Rob Manning, Chief Engineer, NASA’s Jet Propulsion Laboratory


An Engineering Fellow, Rob Manning has been designing, testing and operating robotic spacecraft for more than 35 years including Galileo to Jupiter, Cassini to Saturn, Magellan to Venus, and many Mars missions. In addition to serving as JPL’s Chief Engineer, Rob is also Chief Engineer for JPL’s Engineering and Science Directorate. Previously, he served as the Mars Pathfinder Chief Engineer and led the Entry Descent and Landing (EDL) team. He co- conceived the idea to modify the Pathfinder and Sojourner Rover designs to become the Mars Exploration Rovers (MER), Spirit and Opportunity. On MER he led the rover system engineering team as well as the EDL team. After MER he became the Mars Program Chief Engineer, where he helped plan and integrate the various Mars missions like Phoenix Lander, Mars Reconnaissance Orbiter, Mars Science Laboratory, and beyond. In 2007, Rob became the Chief Engineer for the MSL Project that successfully landed Curiosity Rover on Mars. Rob has received four NASA medals, is in the Aviation Week Magazine Space Laureate Hall of Fame in the Smithsonian Air and Space Museum, has received two honorary PhDs, has a minor planet named after him, and is an Associate Fellow of the American Institute of Aeronautics and Astronautics. In 2004, SpaceNews magazine named Rob as one of 100 people who made a difference in civil, commercial and military space since 1989. Rob is a graduate of Caltech and Whitman College where he studied math, physics, computer science, and control systems.

Phil Koopman, Carnegie Mellon University

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Prof. Philip Koopman is a faculty member at the Carnegie Mellon University Electrical and Computer Engineering department, with additional affiliations with the Institute for Software Research and the Robotics Institute. He leads research on safe and secure embedded systems and teaches cost-effective embedded system design techniques. He has over 20 years of experience with autonomous vehicle safety, dating back to the CMU Navlab team and the Automated Highway Systems (AHS) program. His most recent projects include using stress testing and run time monitoring to ensure safety for a variety of vehicle and robotic applications for the research, industry, and defense sectors. He has additional experience with automotive and industrial functional safety, including testifying as an expert in vehicle safety class action litigation and consulting to the National Highway Traffic Safety Administration (NHTSA). He is co-founder of Edge Case Research, which provides tools and services for autonomous vehicle testing and safety validation. Phil's pre-university career includes experience as a US Navy submarine officer, embedded central processing unit (CPU) designer at Harris Semiconductor, and embedded system architect at United Technologies. He is a Senior Member of Institute of Electrical and Electronics Engineers (IEEE), a Senior Member of the Association for Computing Machinery (ACM), and a member of SAE.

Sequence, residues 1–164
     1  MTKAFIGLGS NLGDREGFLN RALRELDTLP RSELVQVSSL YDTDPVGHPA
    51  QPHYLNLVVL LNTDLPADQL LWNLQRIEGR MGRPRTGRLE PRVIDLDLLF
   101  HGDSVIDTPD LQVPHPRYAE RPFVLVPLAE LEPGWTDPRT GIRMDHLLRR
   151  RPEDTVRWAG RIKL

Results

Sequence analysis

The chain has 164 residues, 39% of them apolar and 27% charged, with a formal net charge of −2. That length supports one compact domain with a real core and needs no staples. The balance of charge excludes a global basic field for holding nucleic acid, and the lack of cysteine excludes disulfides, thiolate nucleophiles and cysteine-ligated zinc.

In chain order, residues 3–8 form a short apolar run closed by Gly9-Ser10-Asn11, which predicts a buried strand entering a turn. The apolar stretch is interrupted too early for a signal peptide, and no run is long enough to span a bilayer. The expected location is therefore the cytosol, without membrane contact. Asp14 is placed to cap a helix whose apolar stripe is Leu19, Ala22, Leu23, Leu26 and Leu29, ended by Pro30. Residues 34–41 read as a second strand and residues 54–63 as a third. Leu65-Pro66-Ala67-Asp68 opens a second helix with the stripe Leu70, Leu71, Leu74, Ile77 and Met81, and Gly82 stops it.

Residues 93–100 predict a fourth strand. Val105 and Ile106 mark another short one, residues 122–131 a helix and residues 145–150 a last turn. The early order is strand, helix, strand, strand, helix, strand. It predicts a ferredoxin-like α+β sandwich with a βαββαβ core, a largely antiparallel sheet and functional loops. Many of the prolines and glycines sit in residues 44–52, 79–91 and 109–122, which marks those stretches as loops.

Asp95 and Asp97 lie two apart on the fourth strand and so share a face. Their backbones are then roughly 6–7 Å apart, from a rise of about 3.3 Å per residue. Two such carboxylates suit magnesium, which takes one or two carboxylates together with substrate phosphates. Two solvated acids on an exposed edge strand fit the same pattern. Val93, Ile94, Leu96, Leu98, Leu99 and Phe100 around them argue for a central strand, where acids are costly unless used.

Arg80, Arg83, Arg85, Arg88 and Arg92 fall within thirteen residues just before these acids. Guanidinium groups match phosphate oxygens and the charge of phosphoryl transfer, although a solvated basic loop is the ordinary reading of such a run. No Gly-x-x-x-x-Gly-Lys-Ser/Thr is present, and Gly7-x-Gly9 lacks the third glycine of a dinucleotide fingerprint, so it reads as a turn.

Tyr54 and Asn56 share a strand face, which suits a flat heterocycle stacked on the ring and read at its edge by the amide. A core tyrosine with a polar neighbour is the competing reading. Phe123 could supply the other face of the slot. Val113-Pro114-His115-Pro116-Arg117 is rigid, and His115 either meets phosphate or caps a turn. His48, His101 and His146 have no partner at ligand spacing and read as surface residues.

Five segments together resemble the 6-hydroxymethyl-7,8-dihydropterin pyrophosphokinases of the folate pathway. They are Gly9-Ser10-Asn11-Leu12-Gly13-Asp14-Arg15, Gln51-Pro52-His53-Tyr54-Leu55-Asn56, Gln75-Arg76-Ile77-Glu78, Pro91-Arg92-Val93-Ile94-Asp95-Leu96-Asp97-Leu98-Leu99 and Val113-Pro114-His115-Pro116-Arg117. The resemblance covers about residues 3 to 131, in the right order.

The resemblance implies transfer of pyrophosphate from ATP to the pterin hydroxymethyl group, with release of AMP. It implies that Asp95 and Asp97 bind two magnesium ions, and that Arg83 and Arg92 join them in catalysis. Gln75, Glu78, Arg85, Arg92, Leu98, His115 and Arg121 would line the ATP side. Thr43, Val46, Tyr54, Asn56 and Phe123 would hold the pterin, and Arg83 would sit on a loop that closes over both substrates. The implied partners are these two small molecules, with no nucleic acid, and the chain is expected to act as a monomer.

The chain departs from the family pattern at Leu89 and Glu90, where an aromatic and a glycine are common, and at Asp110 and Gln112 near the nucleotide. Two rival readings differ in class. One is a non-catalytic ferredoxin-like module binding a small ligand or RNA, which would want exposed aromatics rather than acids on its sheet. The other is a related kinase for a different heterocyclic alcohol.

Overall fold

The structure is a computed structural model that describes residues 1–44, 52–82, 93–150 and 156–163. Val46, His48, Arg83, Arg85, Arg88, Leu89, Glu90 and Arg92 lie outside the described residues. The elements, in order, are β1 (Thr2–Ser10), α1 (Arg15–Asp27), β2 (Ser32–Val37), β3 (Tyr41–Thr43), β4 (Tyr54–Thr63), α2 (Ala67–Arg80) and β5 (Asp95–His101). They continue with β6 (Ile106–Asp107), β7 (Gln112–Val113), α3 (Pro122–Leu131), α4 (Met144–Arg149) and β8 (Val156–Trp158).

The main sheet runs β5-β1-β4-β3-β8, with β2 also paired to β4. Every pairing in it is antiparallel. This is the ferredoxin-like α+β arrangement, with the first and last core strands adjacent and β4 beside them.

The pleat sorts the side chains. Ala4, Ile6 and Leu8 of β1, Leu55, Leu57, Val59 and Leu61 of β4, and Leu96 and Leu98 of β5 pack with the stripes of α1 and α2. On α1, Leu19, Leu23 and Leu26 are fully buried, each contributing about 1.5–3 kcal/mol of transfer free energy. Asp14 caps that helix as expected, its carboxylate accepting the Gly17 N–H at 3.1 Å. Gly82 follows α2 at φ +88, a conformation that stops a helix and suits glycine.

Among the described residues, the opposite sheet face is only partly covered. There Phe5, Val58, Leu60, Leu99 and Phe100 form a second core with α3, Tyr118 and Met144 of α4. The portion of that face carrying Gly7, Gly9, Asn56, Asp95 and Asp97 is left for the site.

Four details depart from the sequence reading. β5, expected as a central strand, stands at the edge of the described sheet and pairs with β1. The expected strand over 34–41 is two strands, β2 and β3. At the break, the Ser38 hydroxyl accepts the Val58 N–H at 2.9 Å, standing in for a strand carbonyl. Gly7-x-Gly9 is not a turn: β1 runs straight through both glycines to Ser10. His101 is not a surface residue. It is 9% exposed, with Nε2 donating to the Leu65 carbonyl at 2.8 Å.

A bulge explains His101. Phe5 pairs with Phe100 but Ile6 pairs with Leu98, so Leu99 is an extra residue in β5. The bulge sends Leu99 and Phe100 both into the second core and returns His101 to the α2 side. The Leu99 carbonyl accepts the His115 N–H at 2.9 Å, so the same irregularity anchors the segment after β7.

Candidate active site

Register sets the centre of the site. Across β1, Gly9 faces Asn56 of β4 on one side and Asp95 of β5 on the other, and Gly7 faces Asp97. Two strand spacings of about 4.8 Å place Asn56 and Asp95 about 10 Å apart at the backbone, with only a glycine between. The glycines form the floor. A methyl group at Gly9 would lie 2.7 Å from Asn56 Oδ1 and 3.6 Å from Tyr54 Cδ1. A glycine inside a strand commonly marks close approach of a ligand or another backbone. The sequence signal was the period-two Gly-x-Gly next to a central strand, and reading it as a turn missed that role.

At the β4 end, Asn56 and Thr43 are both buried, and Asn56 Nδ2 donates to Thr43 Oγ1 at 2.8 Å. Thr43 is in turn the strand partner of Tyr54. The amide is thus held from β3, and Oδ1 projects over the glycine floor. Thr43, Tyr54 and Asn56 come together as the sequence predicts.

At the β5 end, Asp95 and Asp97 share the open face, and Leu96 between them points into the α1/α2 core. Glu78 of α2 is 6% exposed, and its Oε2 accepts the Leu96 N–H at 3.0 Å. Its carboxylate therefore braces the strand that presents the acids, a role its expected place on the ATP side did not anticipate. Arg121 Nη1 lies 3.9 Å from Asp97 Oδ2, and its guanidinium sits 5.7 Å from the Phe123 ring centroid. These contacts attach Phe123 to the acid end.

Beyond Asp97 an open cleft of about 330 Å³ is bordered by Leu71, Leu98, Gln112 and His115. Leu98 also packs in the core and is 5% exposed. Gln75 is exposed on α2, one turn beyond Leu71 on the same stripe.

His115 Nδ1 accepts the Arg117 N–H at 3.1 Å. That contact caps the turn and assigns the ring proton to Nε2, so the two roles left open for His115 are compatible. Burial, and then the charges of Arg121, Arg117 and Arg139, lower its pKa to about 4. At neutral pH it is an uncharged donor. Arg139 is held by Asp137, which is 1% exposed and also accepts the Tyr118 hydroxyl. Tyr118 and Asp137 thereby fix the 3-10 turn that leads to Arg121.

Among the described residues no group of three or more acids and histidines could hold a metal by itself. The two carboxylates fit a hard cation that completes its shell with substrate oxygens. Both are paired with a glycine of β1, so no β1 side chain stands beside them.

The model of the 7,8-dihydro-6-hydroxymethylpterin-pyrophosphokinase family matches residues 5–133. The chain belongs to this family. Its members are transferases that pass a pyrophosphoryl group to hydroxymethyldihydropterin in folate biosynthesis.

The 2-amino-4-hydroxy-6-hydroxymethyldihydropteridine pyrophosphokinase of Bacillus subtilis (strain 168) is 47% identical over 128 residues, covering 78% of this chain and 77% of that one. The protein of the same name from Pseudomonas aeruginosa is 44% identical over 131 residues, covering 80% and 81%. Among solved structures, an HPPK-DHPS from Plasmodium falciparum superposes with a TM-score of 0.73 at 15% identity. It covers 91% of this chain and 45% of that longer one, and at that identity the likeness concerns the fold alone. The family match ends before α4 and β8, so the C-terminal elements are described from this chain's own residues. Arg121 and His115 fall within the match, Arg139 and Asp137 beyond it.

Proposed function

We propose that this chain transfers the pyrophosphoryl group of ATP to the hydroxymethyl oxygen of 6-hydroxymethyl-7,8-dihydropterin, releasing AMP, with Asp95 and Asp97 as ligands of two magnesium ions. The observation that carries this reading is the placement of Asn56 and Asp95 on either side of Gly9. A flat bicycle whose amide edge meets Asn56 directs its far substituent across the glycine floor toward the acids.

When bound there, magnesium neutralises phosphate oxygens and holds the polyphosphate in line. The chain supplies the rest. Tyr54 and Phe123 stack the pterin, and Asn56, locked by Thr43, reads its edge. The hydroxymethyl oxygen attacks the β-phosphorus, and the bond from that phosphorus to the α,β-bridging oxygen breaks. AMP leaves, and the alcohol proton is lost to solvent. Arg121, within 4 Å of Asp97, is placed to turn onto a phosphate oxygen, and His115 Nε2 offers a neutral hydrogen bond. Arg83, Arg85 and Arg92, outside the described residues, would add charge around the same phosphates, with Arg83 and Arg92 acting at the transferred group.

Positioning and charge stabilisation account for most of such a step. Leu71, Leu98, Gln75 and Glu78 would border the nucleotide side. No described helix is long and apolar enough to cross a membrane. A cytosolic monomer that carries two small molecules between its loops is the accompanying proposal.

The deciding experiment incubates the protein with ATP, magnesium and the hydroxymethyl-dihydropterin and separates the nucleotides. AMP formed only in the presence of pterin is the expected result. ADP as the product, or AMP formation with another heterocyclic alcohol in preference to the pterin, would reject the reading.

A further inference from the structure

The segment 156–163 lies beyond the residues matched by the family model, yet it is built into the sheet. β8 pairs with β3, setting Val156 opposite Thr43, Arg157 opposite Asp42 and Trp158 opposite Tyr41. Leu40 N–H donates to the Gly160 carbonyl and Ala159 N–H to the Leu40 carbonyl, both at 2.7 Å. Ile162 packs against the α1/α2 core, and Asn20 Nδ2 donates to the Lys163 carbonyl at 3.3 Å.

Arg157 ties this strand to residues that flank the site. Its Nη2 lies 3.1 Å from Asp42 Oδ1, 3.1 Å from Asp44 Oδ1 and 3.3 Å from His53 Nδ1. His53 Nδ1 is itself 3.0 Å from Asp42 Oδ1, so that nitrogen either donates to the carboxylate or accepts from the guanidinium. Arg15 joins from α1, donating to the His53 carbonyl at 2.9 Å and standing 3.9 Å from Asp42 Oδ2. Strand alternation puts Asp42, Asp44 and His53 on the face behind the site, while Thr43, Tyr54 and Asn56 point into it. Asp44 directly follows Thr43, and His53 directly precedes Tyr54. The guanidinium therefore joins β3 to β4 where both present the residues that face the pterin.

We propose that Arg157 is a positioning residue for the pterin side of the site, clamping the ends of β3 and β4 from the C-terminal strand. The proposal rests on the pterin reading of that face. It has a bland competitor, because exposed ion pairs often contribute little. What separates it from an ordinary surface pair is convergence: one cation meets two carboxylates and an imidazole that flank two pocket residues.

Steve Chien, Head of the NASA JPL Artificial Intelligence Group

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Dr. Steve Chien is Head of the Artificial Intelligence Group and a Senior Research Scientist at JPL. He has led the deployment of AI software to a wide range of missions including: Autonomous Sciencecraft on EO-1, Earth Observing Sensorweb, WATCH on Mars Exploration Rover (MER), the Intelligent Payload Experiment (IPEX) CubeSat, and decision support for Science Planning and Automated Data/Downlink Management for the European Space Agency’s (ESA) Rosetta. He is currently supporting the development of an onboard scheduler for the Mars 2020 rover mission, as well as scheduling technologies for the ECOsystem Spaceborne Thermal Radiometer Experiment on Space Station (ECOSTRESS) and Orbiting Carbon Observatory 3 (OCO-3). Beyond his individual involvement, the Artificial Intelligence Group Steve heads has played a key role in AI-based scheduling for the NASA Deep Space Network and the Autonomous Exploration for Gathering Increased Science (AEGIS) autonomous targeting system onboard the MER and Mars Science Laboratory (MSL) rovers. Steve has received numerous awards for these efforts. In 1995 he received the Lew Allen Award for Excellence, JPLs highest award recognizing outstanding technical achievements by JPL personnel in the early years of their careers. He has been recognized four times in the NASA Software of the Year competition (1999, 1999, 2005, and 2011). He has received four NASA medals for his work in AI for space (1997, 2000, 2007, 2015). In 2011, Steve was awarded the inaugural American Institute of Aeronautics and Astronautics (AIAA) Intelligent Systems Award, for his contributions to spacecraft autonomy. In 2015 he was awarded a JPL Magellan Award as well as the NASA Exceptional Achievement Medal for his contributions to automated science scheduling for ESA's Rosetta mission.

David Gump, President, Circumspace Management Group